Doorway to the Past
Hamilton appeared after the discovery of rich silver ore at Treasure Hill. The first settlers found shelter in local caves, which were numerous. By May 1868, the settlement, then known as "Cave City" was formed.
The town boomed following the discovery of rich silver deposits nearby. With a population of six hundred, it was renamed for mine promoter W. H. Hamilton. The post office first opened for business on August 10, 1868 while the community was still part of Lander County, Nevada.
White Pine County was formed in March 1869, and Hamilton was selected as the first county seat. By its peak during the summer of 1869, Hamilton's population was estimated at 12,000. There were close to 100 saloons, several breweries, 60 general stores, and numerous other businesses. There were also theaters, dance halls, skating rinks, a Miners’ Union Hall, and a fraternal order located in the thriving community. Close to 200 mining companies were operating in the area.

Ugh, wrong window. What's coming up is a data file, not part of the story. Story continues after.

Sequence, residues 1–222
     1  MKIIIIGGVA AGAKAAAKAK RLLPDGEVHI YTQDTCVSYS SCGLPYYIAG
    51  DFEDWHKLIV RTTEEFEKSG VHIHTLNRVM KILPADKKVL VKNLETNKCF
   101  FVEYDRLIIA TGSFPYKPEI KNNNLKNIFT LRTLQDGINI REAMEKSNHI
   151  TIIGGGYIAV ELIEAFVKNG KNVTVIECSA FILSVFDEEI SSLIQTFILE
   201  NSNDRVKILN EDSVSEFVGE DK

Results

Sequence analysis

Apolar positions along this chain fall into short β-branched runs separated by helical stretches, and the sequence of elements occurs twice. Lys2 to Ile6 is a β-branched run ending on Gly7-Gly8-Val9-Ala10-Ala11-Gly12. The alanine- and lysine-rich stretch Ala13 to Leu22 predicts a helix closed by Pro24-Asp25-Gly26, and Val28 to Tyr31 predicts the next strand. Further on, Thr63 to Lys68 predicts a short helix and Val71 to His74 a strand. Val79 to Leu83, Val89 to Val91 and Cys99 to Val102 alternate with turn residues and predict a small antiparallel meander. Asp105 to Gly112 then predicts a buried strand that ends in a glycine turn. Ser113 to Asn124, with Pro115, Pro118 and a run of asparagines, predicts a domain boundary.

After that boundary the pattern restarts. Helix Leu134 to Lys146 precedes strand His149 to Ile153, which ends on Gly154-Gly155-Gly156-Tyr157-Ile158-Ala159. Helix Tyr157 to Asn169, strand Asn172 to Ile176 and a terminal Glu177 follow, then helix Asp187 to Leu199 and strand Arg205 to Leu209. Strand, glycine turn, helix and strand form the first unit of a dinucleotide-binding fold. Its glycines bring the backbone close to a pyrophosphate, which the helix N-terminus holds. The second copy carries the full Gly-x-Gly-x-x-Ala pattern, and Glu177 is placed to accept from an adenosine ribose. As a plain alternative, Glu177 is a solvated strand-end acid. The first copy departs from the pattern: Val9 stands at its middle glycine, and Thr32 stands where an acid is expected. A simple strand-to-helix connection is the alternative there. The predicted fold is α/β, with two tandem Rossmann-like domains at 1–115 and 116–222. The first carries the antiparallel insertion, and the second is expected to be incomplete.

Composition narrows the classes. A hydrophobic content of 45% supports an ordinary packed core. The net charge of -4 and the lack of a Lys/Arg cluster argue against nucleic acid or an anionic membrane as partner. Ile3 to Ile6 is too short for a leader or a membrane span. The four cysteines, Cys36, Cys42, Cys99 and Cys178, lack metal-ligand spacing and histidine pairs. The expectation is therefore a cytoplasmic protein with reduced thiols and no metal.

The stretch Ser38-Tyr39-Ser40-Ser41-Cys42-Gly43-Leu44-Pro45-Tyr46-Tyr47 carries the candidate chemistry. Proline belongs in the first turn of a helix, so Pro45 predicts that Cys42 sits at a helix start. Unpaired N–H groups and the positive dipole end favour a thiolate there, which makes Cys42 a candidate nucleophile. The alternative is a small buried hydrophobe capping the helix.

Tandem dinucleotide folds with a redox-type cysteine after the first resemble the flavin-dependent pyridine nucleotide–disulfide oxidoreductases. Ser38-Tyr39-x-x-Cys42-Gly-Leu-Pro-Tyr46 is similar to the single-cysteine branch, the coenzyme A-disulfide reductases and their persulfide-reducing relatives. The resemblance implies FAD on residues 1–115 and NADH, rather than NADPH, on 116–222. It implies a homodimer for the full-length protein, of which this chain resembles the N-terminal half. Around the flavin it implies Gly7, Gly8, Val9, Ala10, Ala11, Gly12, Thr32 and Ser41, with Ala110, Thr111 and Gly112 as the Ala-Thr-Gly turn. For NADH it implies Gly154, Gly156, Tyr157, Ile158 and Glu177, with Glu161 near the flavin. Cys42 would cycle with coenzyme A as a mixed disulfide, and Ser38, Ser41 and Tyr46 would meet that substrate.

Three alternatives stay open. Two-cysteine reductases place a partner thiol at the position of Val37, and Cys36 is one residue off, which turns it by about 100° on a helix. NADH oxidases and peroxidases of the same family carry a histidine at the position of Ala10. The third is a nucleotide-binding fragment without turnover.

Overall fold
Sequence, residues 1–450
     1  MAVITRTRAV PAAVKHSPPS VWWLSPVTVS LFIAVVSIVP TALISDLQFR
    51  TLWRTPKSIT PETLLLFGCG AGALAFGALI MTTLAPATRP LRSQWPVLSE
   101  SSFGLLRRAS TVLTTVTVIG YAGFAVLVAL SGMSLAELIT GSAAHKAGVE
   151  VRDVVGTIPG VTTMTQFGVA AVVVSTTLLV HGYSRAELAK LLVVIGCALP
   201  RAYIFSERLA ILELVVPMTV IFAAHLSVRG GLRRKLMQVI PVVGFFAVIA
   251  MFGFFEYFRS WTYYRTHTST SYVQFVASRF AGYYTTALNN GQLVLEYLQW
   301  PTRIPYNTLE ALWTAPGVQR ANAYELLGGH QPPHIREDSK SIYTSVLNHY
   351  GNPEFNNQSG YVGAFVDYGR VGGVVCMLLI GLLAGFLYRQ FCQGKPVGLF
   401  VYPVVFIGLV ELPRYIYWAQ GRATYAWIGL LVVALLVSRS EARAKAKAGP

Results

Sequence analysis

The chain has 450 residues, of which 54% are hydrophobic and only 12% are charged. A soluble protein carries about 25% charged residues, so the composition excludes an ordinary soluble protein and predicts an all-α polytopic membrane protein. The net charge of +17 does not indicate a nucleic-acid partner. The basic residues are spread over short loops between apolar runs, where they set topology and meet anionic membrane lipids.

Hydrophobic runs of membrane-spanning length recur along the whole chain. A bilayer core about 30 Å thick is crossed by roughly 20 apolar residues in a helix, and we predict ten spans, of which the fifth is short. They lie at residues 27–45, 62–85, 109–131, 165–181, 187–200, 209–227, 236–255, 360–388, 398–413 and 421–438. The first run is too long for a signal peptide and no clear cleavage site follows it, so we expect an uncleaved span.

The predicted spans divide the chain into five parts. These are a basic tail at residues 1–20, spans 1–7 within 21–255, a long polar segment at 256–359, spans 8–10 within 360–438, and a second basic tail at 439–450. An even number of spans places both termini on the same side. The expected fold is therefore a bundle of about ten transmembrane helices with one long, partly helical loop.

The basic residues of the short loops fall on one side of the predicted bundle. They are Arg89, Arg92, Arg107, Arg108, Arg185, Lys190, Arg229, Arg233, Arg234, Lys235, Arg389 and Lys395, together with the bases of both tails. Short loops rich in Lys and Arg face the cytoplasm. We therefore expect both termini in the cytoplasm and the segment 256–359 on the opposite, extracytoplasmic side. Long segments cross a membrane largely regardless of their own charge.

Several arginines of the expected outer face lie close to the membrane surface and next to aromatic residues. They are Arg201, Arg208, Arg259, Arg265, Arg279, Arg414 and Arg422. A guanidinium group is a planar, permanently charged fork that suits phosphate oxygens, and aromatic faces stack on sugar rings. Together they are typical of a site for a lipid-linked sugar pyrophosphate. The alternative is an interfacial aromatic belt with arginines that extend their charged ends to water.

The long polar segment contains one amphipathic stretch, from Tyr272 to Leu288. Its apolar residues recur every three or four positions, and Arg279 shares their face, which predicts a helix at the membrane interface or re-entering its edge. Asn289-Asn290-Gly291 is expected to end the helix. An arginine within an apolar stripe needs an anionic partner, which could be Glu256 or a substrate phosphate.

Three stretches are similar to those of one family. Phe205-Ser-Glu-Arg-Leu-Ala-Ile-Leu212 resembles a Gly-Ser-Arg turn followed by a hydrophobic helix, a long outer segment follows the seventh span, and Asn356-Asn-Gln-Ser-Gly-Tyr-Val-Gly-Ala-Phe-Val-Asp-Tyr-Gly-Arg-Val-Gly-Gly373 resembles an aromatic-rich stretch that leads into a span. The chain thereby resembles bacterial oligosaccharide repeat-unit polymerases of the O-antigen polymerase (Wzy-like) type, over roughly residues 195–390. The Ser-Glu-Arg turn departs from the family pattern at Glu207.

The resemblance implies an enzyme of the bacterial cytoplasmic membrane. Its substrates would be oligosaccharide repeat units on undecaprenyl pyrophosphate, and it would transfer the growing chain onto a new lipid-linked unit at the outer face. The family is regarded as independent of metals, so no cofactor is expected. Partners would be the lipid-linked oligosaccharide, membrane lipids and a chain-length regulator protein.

However, Hamilton's prosperity was not to last. It was soon discovered that the local ore deposits proved shallow. Subsequently, by 1870, less than two years after its founding, the community was already in decline. Once the shallow nature of the local ore deposits became known, many of the mining companies left the area. Hamilton's population and economy began a rapid decline. At the census of 1870, the population was 3,915, less than a third of what it had been estimated at the previous summer. On June 27, 1873, a large fire spread throughout the business district and caused an estimated US$600,000 (equivalent to $12,810,000 in 2019) in damage. Most businesses that burnt down were abandoned, and not rebuilt. By this time, the town's population was estimated to have shrunk to only 500. Another fire destroyed the courthouse at Hamilton along with all of the records in January 1885. County records began to be kept at the Ely courthouse begin January 5, 1885. Although Hamilton was the first county seat of White Pine County, the rapidly shrinking community lost that designation to the town of Ely in 1887.
The Lincoln Highway went to Hamilton as late as 1913, but by 1924, the town was bypassed.
The Hamilton post office closed in 1931.
Hamilton is now a ghost town, with only scattered ruins remaining at the site.